Today I'll show you how to draw layered designed with your Cricut. Sometimes it's nice to add drawing or writing accents to a project you're creating, but you might not want the drawing directly on top of the other art you've created. Today we'll cover how to create these multi-layered projects. This is lesson 8 of my How to Draw and Write with your Cricut series.
How to Draw Layered Designs with Cricut
When you'd like to create hand-drawn art with your Cricut and the designs don't work well drawn together, creating paper layers comes in handy. Some art designs allow for multiple layers and some do not, so you'll have to take a close look at the designs you choose to make with layers. I find that Print-then-cut designs that allow for editing un-flattened work well with these layer options. However, you also need to think about the drawing line.
Today we will talk about:
- What you need to create layered designs
- Creating cut layers
- Editing Draw Layers
- Attaching drawn art to each layer
Today we're going to make this cute ice cream card:
What you need to create layered designs
Layered draw designs require both a cut and a draw/write line to work. You'll need to look for art that allows you to either cut around the drawing or art that can be edited to cut around the drawing line. I have a tutorial that talks about how create outline shapes and designs here.
Creating cut layers
Many of the art files I design include separate layers for the design to allow for cutting and drawing (as well as print-then-cut). Not all art is designed this way. So sometimes you'll need to create your own cut layers to create layered draw art. Here's an example of what you need to look for. This ice cream cone art I designed has individual layers for each part of the ice cream cone. You can edit each layer separately as needed.
If the art you want to use does not have these individual layers, you need to either create the individual layers or choose different art. I like to add text to my projects and many times the text isn't something I can cut around easily if I draw it, so instead I make a little shape to put the text in.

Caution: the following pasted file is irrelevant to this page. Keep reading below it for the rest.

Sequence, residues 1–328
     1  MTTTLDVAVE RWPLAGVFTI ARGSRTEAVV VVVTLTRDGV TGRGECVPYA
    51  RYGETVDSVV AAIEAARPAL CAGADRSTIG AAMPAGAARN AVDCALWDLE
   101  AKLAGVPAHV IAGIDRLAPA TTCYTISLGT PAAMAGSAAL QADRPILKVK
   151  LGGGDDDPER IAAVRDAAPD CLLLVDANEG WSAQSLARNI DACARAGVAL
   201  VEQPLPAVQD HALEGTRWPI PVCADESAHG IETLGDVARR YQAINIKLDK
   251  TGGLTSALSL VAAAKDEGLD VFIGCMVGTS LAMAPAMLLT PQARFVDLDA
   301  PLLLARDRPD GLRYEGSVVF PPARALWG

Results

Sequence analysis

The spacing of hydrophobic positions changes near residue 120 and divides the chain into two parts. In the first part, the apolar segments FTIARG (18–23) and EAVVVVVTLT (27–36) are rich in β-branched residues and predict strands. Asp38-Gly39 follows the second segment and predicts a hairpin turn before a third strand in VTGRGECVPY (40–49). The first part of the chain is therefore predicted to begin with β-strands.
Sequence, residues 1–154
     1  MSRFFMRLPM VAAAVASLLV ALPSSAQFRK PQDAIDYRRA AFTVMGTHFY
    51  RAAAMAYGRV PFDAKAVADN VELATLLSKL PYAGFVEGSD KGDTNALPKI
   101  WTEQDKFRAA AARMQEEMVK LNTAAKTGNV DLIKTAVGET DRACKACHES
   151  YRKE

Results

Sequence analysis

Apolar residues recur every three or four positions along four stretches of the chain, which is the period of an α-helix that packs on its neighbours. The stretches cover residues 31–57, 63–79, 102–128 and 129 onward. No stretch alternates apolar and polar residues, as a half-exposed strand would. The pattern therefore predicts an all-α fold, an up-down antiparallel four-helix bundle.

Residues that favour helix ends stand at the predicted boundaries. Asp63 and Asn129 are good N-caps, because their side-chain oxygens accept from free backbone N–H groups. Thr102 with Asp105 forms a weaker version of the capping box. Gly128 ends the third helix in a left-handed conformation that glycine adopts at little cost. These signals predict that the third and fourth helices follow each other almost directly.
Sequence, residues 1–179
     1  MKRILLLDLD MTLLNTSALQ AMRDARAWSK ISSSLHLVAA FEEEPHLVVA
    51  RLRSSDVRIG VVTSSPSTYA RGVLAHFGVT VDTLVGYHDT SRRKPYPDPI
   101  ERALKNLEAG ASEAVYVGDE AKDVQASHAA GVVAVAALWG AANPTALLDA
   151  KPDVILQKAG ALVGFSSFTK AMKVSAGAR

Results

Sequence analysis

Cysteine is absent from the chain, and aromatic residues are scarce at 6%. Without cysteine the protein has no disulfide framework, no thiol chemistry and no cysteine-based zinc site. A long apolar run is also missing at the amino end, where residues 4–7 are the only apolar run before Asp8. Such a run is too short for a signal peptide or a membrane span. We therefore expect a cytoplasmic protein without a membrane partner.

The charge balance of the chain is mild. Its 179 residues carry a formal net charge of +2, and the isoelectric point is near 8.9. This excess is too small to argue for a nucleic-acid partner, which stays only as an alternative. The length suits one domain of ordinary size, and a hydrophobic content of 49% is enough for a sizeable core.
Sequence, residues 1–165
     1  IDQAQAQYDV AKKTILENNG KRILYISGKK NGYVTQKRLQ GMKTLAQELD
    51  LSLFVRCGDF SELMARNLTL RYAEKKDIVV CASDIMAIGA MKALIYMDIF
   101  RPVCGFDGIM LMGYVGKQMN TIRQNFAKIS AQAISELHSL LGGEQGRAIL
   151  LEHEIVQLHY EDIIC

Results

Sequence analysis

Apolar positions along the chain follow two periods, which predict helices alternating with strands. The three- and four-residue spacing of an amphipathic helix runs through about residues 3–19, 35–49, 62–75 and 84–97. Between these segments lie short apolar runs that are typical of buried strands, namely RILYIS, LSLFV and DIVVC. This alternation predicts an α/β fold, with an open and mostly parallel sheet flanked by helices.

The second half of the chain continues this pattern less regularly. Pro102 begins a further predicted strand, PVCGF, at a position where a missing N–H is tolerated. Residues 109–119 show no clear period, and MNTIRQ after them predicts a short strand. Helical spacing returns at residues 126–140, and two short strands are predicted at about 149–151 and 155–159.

Here's an example. I added “you're sweet” on an oval to be added on top of all the other art.
Editing Draw Layers
Sometimes you might want to draw a design but don't want to include all the details Or maybe you want to change out colors for different parts of the draw design. use contour for this. Many drawing designs allow for editing with the Contour tool. Simply select the drawing layer you want to edit, click Contour and then hide the pieces you don't want to draw. I use this tool to change the colors of lines in a drawing too.
Attaching drawn art to each layer
Draw and writing lines always need to be attached to a cut shape – or they will just draw on the paper and not be cut out. Sometimes you already have a card and you just want to write on it, in that case, you don't need to attach anything. Any other time, make sure to always attach your draw lines to the shape you want them drawn on.
I started this project with a cute little background circle, there's a swirly draw line attached to the top white cut layer. For this project I flattened all the cut layers as printed art and then attached the draw line to the flattened print.
In some cases, all your layers can be flattened and then you can draw on the flattened art too. Play around with the options and see which works best for the project you are creating. Here's an example of the same art being used as colored and uncolored…
Add drawing accents to different colors of paper or use just plain white paper and let the drawing be the star. Play with the tools and see how many fun Cricut projects you can make with drawing layers. I'd love to see what you come up with!
Create this project – you can make this same Ice Cream card project in Cricut Design Space to practice your drawing and writing skills.
Learn more about drawing and writing with your Cricut with my How to Draw with your Cricut series.